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Realistic range...it would be great if it was more accurate

Discussion in 'Model S' started by rory breaker, Nov 17, 2016.

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  1. rory breaker

    rory breaker Member

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    If I charge my MS to full (270 miles), I still only get...maybe 180 miles, even on the highway (although I do drive fast so imagine driving briskly, not flooring it everywhere, but I do like to maintain a fast speed/80+ on mexican highways). Is this normal?

    Also, is there a way to get the battery indicator to be more real based on my actual driving? I dont want to get in the car and have it say 270, when I know after i drive 30 miles its going to be at 210.
     
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  2. Sousagil90D

    Sousagil90D Member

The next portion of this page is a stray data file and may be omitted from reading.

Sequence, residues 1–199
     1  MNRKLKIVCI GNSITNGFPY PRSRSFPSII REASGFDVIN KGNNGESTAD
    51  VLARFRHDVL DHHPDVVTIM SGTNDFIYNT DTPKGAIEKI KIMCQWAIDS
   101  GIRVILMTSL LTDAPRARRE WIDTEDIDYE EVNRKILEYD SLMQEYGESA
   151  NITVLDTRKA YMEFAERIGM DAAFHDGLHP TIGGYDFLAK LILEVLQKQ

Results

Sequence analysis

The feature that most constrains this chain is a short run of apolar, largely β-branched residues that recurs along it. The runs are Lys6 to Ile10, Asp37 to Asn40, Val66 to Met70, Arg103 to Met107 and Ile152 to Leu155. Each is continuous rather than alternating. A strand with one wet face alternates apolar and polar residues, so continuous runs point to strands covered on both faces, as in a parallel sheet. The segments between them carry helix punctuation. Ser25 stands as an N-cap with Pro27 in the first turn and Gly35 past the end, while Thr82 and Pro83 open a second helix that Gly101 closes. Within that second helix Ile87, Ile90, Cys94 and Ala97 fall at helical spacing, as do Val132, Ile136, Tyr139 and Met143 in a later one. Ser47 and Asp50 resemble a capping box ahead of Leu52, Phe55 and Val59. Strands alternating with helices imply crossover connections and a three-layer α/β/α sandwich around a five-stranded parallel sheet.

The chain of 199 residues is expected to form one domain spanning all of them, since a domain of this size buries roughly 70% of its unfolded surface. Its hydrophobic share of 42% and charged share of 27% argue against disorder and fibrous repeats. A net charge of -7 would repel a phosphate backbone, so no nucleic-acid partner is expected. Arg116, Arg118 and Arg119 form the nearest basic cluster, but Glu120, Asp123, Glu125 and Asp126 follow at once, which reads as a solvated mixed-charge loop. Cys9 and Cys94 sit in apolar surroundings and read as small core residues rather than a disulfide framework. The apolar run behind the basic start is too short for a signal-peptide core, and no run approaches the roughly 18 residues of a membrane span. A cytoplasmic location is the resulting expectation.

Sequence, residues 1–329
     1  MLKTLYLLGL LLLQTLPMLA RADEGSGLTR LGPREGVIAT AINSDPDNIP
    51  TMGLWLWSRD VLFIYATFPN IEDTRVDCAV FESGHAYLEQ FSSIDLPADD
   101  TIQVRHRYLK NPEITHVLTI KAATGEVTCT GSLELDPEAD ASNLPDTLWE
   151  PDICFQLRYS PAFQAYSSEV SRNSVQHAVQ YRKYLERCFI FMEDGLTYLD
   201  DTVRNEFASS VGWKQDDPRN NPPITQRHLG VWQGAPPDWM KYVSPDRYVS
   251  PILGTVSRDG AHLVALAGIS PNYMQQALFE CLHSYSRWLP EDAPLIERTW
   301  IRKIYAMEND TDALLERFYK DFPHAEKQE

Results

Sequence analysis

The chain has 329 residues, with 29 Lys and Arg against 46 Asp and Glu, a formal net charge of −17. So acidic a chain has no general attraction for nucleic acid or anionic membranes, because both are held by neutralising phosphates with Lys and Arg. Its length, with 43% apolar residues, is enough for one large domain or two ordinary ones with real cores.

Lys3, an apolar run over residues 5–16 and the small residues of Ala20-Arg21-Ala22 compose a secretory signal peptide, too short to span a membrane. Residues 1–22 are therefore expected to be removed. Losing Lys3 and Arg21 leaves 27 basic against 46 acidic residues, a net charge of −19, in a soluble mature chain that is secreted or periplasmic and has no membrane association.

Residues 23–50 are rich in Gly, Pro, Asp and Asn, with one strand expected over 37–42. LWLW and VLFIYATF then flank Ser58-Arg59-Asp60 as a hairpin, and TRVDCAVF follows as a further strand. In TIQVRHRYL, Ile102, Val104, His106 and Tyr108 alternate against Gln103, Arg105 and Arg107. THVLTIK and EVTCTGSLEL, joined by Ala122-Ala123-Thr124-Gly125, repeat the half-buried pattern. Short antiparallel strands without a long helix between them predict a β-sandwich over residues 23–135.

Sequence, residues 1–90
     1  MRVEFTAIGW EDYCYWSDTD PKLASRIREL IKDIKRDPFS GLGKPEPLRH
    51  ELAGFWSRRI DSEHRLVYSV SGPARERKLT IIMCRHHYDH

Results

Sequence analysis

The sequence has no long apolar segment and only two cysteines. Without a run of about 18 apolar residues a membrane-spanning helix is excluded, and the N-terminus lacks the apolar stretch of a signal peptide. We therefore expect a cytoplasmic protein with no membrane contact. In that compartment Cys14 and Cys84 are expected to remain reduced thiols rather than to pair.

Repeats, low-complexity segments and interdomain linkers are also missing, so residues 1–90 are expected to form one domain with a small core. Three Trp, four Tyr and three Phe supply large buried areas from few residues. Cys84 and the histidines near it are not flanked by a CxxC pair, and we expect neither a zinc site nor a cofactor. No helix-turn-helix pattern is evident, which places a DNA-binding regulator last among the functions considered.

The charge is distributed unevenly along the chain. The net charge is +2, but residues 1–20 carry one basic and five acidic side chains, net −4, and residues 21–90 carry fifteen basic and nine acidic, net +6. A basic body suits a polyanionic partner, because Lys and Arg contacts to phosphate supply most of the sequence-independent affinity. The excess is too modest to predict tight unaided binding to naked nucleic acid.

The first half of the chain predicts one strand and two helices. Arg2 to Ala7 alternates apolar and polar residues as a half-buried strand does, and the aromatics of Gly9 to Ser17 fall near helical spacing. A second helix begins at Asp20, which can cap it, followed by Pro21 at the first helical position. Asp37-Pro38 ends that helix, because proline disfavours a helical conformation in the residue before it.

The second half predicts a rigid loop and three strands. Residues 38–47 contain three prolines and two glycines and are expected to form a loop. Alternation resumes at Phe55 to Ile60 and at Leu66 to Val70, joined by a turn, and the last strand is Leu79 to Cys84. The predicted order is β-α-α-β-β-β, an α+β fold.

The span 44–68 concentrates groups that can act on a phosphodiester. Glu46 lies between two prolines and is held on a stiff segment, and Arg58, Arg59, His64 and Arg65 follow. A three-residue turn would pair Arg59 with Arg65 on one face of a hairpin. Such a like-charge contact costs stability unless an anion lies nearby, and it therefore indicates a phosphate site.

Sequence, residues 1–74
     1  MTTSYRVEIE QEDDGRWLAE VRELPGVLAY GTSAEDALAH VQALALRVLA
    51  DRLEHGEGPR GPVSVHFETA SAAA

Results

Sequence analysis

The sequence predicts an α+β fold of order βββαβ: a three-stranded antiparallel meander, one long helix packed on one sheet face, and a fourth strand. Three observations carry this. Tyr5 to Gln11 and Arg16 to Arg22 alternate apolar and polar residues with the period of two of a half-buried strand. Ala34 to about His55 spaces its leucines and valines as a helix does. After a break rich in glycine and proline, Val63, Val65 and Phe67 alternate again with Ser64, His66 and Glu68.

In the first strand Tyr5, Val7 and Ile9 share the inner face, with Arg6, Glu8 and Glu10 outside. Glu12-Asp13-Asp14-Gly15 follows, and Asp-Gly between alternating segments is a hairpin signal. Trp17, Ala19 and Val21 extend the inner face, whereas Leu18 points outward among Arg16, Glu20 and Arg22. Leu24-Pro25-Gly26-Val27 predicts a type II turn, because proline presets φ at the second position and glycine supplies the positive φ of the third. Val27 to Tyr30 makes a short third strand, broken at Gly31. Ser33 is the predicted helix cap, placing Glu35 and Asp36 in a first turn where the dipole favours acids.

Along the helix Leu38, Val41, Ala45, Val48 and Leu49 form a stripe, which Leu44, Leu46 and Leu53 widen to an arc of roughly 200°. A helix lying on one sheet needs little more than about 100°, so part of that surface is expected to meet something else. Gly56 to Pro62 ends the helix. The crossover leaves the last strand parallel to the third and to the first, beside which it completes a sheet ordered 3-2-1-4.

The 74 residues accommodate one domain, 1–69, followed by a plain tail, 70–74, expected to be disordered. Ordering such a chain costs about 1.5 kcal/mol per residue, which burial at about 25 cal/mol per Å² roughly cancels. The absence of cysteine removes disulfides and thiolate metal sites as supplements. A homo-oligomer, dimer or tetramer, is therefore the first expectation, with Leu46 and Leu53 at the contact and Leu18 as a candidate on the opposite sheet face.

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    I agree with you, I have the same problem. Since I got the car i've been trying to realise how many km I can actually make. I have 452 at 100%, but I believe I can only make 350km. I don't know what typical is suposed to mean, but certainly it does not take into account my driving style.
     
  3. msnow

    msnow Active Member

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    If you bring up the Energy App on the 17" screen you can see your estimated actual range based on your past or current driving conditions.
     
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  4. Krugerrand

    Krugerrand Well-Known Member

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    Do you really need it to say something different than it does? You seem to already know how far you can drive via your style and also know that if you slow down the car will go further. And actually, this is no different than a gas car with a digital readout of how many miles one has left based on how much gas is in there car. If suddenly you start driving more aggressively the digital readout drops like a rock and you get nowhere near what it originally said you would.